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Devon County

Devonshire Rgt.

Directory Listings





Parish Records




War Memorials



By the end of 1640, King Charles I had become very unpopular.  Parliament forced him to make changes in the Constitution which gave them a bigger say in how the country was governed. From then on, Parliament was split into two factions - Royalists (Cavaliers) who supported the King and Parliamentarians (Roundheads) who wanted political and religious reform.

On 3 May 1641, every Member of the House of Commons was ordered to make a declaration of loyalty to the crown. This was ratified next day by the House of Lords. They called it their Protestation against " an arbitrarie and tyrannical government" and another order was made that every Rector, Churchwarden and Overseer of the Poor had to appear in person before the JPs in their Hundred to make this Protestation Oath in person. It was to  be a declaration of their belief in the" Protestant religion, allegiance to the King and support for the rights and privileges of Parliament".

They then had to go back home to their own parish where any two of them were to require the same oath of allegiance from all males over the age of 18. The names of all who refused to make the oath were to be noted and assumed to be Catholics.

We have, in the Devon Protestation Returns, a set of amazing documents - something akin to a census even though no women or children are named.  A transcription is available in the West Country Studies Library in Exeter.


The Protestation Returns are arranged by parish

which are grouped in Hundreds*

The parish of Lynton (which included Lynmouth) belonged to the Hundred of Shirwell

David Bale sen. Thomas Dyer sen. John Knight sen.
David Bale jun. Thomas Dyer jun. John Knight sen.
Hugh Bale John Eines John Knight jun.
John Bale Michael Eines Richard Knight
Peter Bale Thomas Eines David Lang
Richard Bale Richard Ellis John Lang
Richard Bale Thomas Ende Nicholas lang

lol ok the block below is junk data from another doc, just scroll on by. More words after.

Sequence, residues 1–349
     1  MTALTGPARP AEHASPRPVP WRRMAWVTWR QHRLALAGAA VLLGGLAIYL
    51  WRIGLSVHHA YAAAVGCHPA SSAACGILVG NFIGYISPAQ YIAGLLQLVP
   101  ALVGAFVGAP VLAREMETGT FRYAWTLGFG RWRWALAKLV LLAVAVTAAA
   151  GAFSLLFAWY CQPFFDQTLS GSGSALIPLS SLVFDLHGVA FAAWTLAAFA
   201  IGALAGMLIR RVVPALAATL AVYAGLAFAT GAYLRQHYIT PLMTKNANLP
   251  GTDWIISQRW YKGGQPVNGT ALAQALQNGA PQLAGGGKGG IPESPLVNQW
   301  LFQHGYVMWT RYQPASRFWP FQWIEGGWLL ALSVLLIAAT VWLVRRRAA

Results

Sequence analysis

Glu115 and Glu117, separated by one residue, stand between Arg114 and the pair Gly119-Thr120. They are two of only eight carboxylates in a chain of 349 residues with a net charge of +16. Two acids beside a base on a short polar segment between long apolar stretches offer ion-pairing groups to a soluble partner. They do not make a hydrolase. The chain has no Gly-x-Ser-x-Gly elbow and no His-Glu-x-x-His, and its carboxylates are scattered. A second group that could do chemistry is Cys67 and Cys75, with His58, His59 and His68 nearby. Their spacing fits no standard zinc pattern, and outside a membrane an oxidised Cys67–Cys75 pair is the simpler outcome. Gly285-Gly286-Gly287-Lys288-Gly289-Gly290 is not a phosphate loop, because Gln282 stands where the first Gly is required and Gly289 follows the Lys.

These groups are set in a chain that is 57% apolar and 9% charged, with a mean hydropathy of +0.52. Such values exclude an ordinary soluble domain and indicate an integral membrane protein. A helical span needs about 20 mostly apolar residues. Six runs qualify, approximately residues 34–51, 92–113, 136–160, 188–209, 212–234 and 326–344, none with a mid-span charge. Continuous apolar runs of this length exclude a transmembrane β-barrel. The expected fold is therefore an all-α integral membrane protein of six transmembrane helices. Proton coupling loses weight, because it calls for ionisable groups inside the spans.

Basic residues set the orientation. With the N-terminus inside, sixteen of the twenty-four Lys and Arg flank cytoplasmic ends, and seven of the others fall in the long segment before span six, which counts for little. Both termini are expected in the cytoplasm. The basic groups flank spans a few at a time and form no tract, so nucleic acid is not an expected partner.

William Bale Miles Fercheild William Lang
John Berrey Thomas Flewelling John Maninge
John Berrey Bartholomew Frase Bartholomew Mayne
James Blackmore David Frye William Mayne
John Blackmore sen. Richard Frye John Miller
John Blackmore jun. Thomas Frye Thomas Moggeridge
Richard Blackmore William Frye Christopher Perryn
David Boode John Griffiths John Pinge
David Bromholme John Grimsheere William Ramsun
John Bromholme William Grimsheere William Rawle
Edward Bromholme .John Grose sen. Thomas Reemore
James Bromholme John Grose jun David Score
John Bromholme William Heanford Edward Score
Hugh Brooke Anthony Hill George Score
John Burges John Hill John Score
Andrew Challacombe Anthony Holland Richard Score
Henry Challacombe Hugh Holland Richard Score
John Coatts (tailor) William Hopkin Robert Score
John Coatts sen. David Huxtable John Slee
John Coatts jun. Amos Huxtable William Squire
John Coatts jun. Anthony Huxtable John Stoatte
Richard Coatts George Huxtable Gregory Taylor
Thomas Coatts John Huxtable John Taylor
George Crocombe Thomas Ingram John Thorne
John Crocombe Thomas Janes John Vellacoatte
John Curtes sen. David Jones Richard Vellacoatte
John Curtes jun. William Jones Mr. Edward Wichalls
Nicholas Decon Peter Kayle Mr. Hugh Wichalls gent.
David Dyer Philip Kayle Mr. John Wichalls
John Dyer William Kent Mr. Robert Wichalls

Signed by 

Nicholas Morrice - Clerk

Anthony Hodge - Constable

William Bromholme - Churchwarden

Daved Knight - Churchwarden

David Bale - Overseer

Alexander Burges - Overseer

* For many centuries, Devon was divided into 32 administrative districts or Hundreds for land tax purpose.


Taken from the transcription by A. J. Howard published in 1973 which is available in the West Country Studies Library, Exeter.                                                       Courtesy: Devon County Council


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